weakening of the ozone layer and global climate change."

Paola Vasconi, coordinator of the Santiago-based Terram Foundation's 
environment programme, told IPS that the increase in ultraviolet 
radiation also drives up temperatures.

"One thing is probably certain: if the climate does not stabilise, the 
hole in the ozone layer will never close," said Magas, who pointed out 
that the United States emits "the shocking equivalent of 25 tons of CO2 
per capita every year, compared to 3.7 tons for Chile and a global 
average of three tons per capita."

The link between global warming and the thinning of the ozone layer was 
demonstrated in 1987 by international measurements taken in the 
Magallanes region, the scientist pointed out.

"The incredible thing is that after that, efforts were not undertaken to 
curb emissions of greenhouse gases, which are today, now that CFC 
emissions have been curtailed, the main cause of the destruction of 
ozone worldwide," said Magas.

"Although it sounds terrible, the hurricanes are welcome, if that's what 
it takes to change the mentality of the big, irresponsible polluters,"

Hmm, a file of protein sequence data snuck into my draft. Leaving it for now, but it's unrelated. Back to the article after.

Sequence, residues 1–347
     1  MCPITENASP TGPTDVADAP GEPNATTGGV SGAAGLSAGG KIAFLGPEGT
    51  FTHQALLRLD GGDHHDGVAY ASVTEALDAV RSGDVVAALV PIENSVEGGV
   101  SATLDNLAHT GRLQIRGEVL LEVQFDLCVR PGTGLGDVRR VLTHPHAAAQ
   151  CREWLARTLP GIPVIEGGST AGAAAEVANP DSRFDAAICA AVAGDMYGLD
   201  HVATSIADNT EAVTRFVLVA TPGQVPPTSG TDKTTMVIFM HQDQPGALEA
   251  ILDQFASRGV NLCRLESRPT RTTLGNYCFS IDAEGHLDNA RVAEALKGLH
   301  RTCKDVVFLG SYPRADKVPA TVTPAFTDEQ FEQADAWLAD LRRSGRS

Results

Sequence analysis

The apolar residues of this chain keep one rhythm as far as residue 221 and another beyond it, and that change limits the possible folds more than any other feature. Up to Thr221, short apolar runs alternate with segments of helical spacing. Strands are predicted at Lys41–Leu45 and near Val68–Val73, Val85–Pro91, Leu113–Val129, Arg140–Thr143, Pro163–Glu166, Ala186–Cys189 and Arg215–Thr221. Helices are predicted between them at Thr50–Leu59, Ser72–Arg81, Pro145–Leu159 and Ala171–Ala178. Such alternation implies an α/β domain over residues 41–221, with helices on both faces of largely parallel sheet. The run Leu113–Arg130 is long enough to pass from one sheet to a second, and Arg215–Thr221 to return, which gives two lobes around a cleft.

he added.

U.S. "President (George W.) Bush issued a call to 'drive less' and 
announced a federal programme aimed at cutting fuel consumption - 
accompanied, of course, by deregulation policies on the environment 
allowing for increased exploration and drilling for oil in protected 
wilderness areas," said Magas.

On Sept. 16, International Day for the Preservation of the Ozone Layer, 
United Nations Secretary-General Kofi Annan underscored the efforts made 
by the international community to curb the use of ozone-depleting 

The next day, two Argentine men lost their lives in Antarctica - 
biologist Augusto Thibaud and naval officer Teófilo González - when 
their snowmobile plunged into a deep hidden crevasse.

And on Sep. 28, Captain Enrique Encina and non-commissioned officers 
Fernando Burboa and Jorge Basualto, members of the Chilean army, died 
when their snow-cat fell into a 40-metre crevasse in Antarctica.

Magas pointed out that although there have always been crevasses on that 
continent, making travel dangerous, the ice shelves are increasingly 
breaking up due to the higher temperatures associated with global warming.

With a surface area of more than 14 million square kilometres, 
Antarctica is the fourth-largest continent. A full 95 percent of the 
territory is ice, and the continent accounts for 70 percent of the 
world's fresh water reserves.
For updates and info, contact scott at planttrees dot org.